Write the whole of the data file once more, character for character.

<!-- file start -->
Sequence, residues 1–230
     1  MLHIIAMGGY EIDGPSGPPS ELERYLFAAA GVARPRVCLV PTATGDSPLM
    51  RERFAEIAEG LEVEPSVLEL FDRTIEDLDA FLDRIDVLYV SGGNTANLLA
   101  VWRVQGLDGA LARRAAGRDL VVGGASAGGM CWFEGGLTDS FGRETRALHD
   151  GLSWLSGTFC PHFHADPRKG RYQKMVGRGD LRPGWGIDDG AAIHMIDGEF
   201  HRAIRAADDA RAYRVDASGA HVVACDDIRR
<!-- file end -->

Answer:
Sequence, residues 1–230
     1  MLHIIAMGGY EIDGPSGPPS ELERYLFAAA GVARPRVCLV PTATGDSPLM
    51  RERFAEIAEG LEVEPSVLEL FDRTIEDLDA FLDRIDVLYV SGGNTANLLA
   101  VWRVQGLDGA LARRAAGRDL VVGGASAGGM CWFEGGLTDS FGRETRALHD
   151  GLSWLSGTFC PHFHADPRKG RYQKMVGRGD LRPGWGIDDG AAIHMIDGEF
   201  HRAIRAADDA RAYRVDASGA HVVACDDIRR